How did they do it? Before the mid-nineteenth century, silver was refined by a process known as cupellation: silver ore was heated to 1,100 °C to separate raw silver from lead compounds in the ore. The crude process left traces of lead and gold in the silver alloy. Beginning in the second half of the nineteenth century, silver was refined electrolytically, leaving fewer impurities than cupellation. Using XRF, Winterthur scientists determined the percentage of impurities in each, thus elucidating which was what it purported to be—and which was not.  

Fakes and Forgeries: A Meissen Soup Tureen  

Scientific analysis of an object is just one of many factors in the authenticity of a work of art. In the case of a Meissen tureen, it proved the crucial point in conversation about its authenticity.  

The connoisseurship and provenance of the tureen were considered secure. Scholars generally agreed the floral decoration was painted in the style of one of Meissen’s great artists, and information about the tureen with a date of 1738 was published many times. 

Analysis of the colorants, however, told a different story. The yellow flower contained zinc, the green grass contained chromium, and the gilding contained bismuth. None of those elements would be found on a ceramic made before 1800.  

Non-glazed, blank ceramic bodies were often kept in storage by Meissen, so someone in the 19th century might have copied an 18th century design using a blank Meissen body. Things aren’t always as they seem. 

Fifty Years of Fraktur

Over the decades, much of the fraktur in Winterthur’s collection has been analyzed to identify the colorants and materials. The analyses help us understand the original appearance of some fraktur that has discolored and to refute the notion that artists made their own paints from locally available materials. Such valuable information provides a better understanding of preservation needs and artists’ creation of these objects. 

Copper in the brown leaf designs suggests the use of a copper-based green pigment, most likely verdigris, which has degraded and discolored to brown from exposure to light and air over time. Instrumental analysis of the red colorant indicates a mixture of vermilion (HgS) and red lead (Pb3O4). Paint manufacturers often blended vermilion, a relatively expensive pigment, with less expensive red lead by in order to increase profits.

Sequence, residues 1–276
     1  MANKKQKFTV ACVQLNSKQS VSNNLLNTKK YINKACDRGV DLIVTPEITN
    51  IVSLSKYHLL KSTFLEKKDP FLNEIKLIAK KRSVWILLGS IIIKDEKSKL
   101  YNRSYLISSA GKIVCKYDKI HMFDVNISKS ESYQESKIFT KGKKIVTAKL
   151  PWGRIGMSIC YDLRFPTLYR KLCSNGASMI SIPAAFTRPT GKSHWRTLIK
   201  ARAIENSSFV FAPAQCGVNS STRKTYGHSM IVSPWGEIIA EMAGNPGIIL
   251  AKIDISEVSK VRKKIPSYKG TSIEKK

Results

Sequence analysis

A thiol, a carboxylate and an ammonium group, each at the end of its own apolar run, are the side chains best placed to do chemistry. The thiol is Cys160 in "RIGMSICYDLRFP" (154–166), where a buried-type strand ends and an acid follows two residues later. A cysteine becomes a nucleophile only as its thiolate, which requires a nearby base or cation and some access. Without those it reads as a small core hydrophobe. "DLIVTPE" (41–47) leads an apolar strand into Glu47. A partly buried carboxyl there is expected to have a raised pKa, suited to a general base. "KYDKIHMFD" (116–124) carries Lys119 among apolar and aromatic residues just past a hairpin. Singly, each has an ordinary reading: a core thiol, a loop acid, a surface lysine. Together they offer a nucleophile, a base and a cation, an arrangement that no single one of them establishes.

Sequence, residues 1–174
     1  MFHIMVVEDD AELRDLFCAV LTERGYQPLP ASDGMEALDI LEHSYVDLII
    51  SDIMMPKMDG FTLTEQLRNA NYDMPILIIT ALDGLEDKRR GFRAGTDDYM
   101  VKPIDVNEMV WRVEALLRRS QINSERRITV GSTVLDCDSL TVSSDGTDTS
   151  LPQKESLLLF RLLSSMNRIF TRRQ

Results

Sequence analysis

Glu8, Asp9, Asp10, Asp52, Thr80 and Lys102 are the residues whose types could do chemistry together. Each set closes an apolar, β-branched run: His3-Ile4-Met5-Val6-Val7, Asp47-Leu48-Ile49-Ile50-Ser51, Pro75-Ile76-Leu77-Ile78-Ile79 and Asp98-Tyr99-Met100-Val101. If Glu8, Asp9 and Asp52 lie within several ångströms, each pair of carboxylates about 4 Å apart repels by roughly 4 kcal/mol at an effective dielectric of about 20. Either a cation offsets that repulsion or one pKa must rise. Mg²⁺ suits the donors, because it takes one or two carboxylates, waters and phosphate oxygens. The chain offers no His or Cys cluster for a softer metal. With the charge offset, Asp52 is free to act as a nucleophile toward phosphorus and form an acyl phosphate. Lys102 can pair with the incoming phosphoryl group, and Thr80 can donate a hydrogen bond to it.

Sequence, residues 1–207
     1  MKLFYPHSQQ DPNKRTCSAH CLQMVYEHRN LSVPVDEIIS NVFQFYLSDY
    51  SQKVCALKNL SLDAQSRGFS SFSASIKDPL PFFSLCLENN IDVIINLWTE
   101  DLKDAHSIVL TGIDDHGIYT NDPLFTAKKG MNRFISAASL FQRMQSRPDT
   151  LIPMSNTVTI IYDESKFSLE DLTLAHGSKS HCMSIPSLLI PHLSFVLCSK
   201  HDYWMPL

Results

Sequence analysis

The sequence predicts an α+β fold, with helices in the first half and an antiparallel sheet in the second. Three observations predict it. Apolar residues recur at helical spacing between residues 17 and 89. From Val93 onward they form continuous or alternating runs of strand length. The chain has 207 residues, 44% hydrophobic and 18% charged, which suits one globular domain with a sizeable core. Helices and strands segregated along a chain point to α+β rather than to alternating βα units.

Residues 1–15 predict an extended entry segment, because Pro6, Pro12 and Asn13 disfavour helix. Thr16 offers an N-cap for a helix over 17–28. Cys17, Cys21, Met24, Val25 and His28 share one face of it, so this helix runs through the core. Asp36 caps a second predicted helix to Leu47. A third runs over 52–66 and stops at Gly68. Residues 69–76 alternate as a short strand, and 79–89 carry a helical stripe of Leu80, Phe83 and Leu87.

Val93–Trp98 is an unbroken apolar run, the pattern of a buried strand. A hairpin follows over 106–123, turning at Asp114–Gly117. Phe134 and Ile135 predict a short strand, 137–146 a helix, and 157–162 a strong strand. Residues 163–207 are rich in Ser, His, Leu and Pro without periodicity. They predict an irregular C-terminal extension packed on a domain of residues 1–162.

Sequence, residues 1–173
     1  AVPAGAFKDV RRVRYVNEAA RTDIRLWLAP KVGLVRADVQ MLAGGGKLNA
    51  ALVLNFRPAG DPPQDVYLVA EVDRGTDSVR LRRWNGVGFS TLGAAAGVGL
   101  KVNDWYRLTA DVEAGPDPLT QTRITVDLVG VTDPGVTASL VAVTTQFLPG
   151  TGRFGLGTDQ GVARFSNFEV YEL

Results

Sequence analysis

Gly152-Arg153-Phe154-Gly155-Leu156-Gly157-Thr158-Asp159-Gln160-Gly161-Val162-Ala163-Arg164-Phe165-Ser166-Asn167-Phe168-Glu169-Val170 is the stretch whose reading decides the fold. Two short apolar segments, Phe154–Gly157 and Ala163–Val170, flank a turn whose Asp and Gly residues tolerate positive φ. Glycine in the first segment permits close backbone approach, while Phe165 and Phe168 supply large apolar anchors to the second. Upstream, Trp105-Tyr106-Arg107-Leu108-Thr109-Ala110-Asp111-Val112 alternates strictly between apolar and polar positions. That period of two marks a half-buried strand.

The yellow colorant from the flower petal was shown to be a mixture of gamboge, a colorant, and gum Arabic, the binding medium. Gamboge comes from the tree Garcinia of India and Southeast Asia. Gum Arabic originates from a species of Acacia tree found mainly in the sub-tropics. The presence of gamboge and gum Arabic indicates the artists had access to imported paint pigments and media.

Made in China: A Scientific Study of Chinese Export Lacquer

Beginning in 2014, with grant funding from the Institute of Museum and Library Services, Winterthur conservators turned their attention to the treatment of its Chinese export lacquer objects, while SRAL scientists completed the analytical work necessary to better understand this under-researched form of material culture. To broaden the scope of the project, Winterthur collaborated with the Peabody Essex Museum and the Philadelphia Museum of Art to analyze 22 comparable objects from the three collections. 

Analysis of the lacquer layers indicates they are composed mainly of a drying oil with urushi and laccol lacquer from the tree species Rhus vernicifluum and Rhus succedanea, respectively. The binding medium of the ground layers indicates they are composed of blood, a proteinous binder such as animal glue, and a drying oil. 

Understanding the methods of manufacture and materials used through the instrumental analysis conducted at SRAL has informed more effective and longer-lasting treatments for these objects. The research also informs the techniques and materials used by eighteen- and nineteenth-century Chinese craftsmen to hasten manufacturing so they could and meet the demands of the Western market. 

Fifty Years On…

Collaboration is just as important now as it was fifty years ago. Winterthur scientists Catherine Matsen and Dr. Rosie Grayburn work continuously with conservation scientists around the world to advance the scientific study of material culture. Among the SRAL’s most important contributions, it is a center for teaching scientific methods to conservators in the Winterthur University of Delaware Program in Art Conservation, who go on to spread its expertise around the world. 

Which scientific project sparked your imagination most? We would love to hear from you.